He has a love/hate relationship with Watson whom he must tolerate or his father will stop allowing him to live rent free in his sumptuous New York apartment.
As is the case with Lisbeth Salander and Sheldon Cooper, Holmes has extraordinary intellect, yet cannot fathom dealings with people in which he has to relate to them. He has demonstrated his crime-solving expertise and assumes that will carry the day. Captain Tobias Gregson, played by Aidan Quinn, spends time in nearly every episode smoothing over Holmes’s roughshod way with suspects, including victim’s loved ones. The hard-working Watson also spends time in trying to smooth things over.
There have only been four Elementary shows, so the body of work is thin compared with the previous examples, but the principle remains the same. The main character has no sensitivity to the feelings of others.
It seems also necessary to add that I am a huge fan of the three examples here. I read all of The Girl … books, watched all three of the Swedish film versions and own the DVDs. Ditto The Big Bang Theory. Too early for Elementary DVDs, but I plan to.
I have an appetite for heroes. Don’t we all? They embody some form(s) of human excellence. I admire them and am excited by their achievements. All of these characters embody excellence to an extreme degree. I just don’t get the disconnect when it comes to their lack of feeling for people.
While I view acts of kindness as food for the soul, I find myself hooked along with everyone else on these almost antisocial characters.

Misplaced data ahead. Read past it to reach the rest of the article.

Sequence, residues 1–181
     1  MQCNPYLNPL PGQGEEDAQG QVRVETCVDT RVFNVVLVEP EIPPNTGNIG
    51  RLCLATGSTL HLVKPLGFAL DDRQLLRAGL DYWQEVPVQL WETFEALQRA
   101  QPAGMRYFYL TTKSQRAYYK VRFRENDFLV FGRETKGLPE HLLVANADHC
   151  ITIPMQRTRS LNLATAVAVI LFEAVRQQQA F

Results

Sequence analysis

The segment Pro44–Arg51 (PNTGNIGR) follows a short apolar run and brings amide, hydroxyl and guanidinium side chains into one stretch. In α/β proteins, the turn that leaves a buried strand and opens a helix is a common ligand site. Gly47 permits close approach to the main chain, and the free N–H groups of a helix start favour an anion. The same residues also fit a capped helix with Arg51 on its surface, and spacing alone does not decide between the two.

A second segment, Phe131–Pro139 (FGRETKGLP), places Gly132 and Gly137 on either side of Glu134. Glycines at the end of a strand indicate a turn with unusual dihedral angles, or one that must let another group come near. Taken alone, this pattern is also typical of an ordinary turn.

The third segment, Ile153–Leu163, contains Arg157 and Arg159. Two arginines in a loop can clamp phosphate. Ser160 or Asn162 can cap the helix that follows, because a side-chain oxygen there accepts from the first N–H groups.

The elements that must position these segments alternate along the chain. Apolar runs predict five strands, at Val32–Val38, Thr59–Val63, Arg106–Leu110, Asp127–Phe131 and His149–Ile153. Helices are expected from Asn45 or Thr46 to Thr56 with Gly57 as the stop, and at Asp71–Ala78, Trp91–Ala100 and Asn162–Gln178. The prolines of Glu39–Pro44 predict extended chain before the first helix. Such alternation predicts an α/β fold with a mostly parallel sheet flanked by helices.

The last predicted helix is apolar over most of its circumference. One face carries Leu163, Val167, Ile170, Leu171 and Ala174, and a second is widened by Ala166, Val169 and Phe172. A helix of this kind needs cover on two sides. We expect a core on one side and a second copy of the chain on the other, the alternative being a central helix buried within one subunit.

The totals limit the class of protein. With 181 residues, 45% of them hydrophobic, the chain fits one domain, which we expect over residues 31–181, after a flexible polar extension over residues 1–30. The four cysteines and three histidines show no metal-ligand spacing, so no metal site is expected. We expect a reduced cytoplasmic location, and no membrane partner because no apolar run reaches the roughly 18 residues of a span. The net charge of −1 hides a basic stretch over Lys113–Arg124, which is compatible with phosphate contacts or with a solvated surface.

I remember as a child listening to the radio adventures of Superman, one of my first heroes, who was fighting for “truth, justice and the American Way.” Superman and his alter ego, Clark Kent, very clearly demonstrated feelings for others. Ditto, Wonder Woman, who came along in the 1940’s and whose stories in the comic books of the day were avidly read by many, myself included. Wondy was a superhero who triumphed not with fists, or firepower, but with love.
These current twisted characters must be filling a need in our collective lives. My tentative conclusion is that they are the best of a bad lot. Somewhere out there in the ether are heroes without this serious character flaw. I think we need them.
11 responses to “What About Heroes Without Empathy?”
Agree completely that real heroes have empathy but disagree with your saying that Elementary’s Holmes doesn’t have it. He doesn’t have it in his own personal social world, to a fairly significant degree. That’s true. He isn’t good at processing the in-the-moment feelings of the person right in front of him when he’s pushing for some larger goal he has in mind. But he’s a complex character and while he’s a dumb, closed-off social blunderbuss in some ways, I think he also shows enormous empathy repeatedly throughout the series.